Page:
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What’s new in iOS 13.5? COVID-19 Exposure Notification API and more

Apple has released iOS 13.5 and iPadOS 13.5 for iPhone and iPad, respectively. These are major software updates that follow iOS 13.4.1 and iPadOS 13.4.1. They bring health features related to the pandemic, including the Exposure Notification API created by Apple and Google.

How to get iOS 13.5 and iPadOS 13.5

The iOS and ‌‌‌iPadOS‌‌‌ 13.5 software updates are available for all eligible devices. You can download them over the air via the Settings app.

  • To access the updates, go to Settings > General > Software Update. 

What’s new in iOS 13.5 and iPadOS 13.5?

Exposure Notification

Apple’s latest software updates add the Exposure Notification API, which will allow public health authorities to create COVID-19 contact tracing apps to hopefully help slow the spread of the novel coronavirus. We detail Apple and Google’s Exposure Notification system in our guide here. It’s a Bluetooth-based technology, and these software updates are designed to lay the groundwork for it.

Apps that use the ‌Exposure Notification‌ API will allow you to receive notifications should you come into contact with someone who has been diagnosed with COVID-19 and wants to share that information. Apps from governments and health authorities from more than 22 countries have signed up to participate, meaning COVID-19 apps that use Exposure Notification should be coming soon.

Apple is including an Exposure Logging toggle under Settings that will let you opt-out of participating in COVID-19 Exposure Notifications if a health app is installed. Here’s how Apple explained it:

“What we’ve built is not an app – rather public health agencies will incorporate the API into their own apps that people install. Our technology is designed to make these apps work better. Each user gets to decide whether or not to opt-in to Exposure Notifications; the system does not collect or use location from the device; and if a person is diagnosed with COVID-19, it is up to them whether or not to report that in the public health app. User adoption is key to success and we believe that these strong privacy protections are also the best way to encourage use of these apps. Today, this technology is in the hands of public health agencies across the world who will take the lead and we will continue to support their efforts.”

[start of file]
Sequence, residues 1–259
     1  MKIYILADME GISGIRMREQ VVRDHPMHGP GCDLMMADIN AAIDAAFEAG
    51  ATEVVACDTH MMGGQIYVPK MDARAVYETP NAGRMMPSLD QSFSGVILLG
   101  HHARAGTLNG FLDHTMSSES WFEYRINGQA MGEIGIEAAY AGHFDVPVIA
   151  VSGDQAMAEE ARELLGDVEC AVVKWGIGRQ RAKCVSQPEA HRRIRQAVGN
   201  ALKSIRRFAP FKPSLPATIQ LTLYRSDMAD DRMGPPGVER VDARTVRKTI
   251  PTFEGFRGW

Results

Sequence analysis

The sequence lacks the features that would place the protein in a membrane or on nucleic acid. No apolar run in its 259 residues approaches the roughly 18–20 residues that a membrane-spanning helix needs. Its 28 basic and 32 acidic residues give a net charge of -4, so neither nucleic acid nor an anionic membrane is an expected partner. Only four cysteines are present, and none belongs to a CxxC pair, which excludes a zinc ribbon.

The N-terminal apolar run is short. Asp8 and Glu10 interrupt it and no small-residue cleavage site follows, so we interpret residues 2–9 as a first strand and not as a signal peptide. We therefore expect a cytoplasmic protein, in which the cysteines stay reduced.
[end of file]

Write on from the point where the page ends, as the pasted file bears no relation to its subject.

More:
Face masks

Apple’s latest software updates make it easier to unlock an iPhone or iPad with a passcode when wearing a face mask or cloth covering. This is due to the large number of people that are regularly wearing face protection during the coronavirus pandemic. Now, the passcode screen pops up more quickly when an iOS device detects you are wearing a mask that hides the face after you swipe up.

Group FaceTime

Apple has updated Group FaceTime with a new toggle that disables automatic enlarging of the tile belonging to the person who is speaking. By default, Group FaceTime will have ea tile for each person, but the person speaking gets a larger, more focused tile. A new Automatic Prominence option in the Settings app, however, disables the feature, so all‌ participants are shown in the grid.

Medical ID

There’s a new toggle in the Health app for showing Medical ID info on the Lock screen when an ‌iPhone‌ is locked, and you can now share Medical ID information automatically with emergency dispatchers when placing an emergency call.

Is that it?

Nope. There are additional bug fixes and features included. For full details, check out their release notes here.

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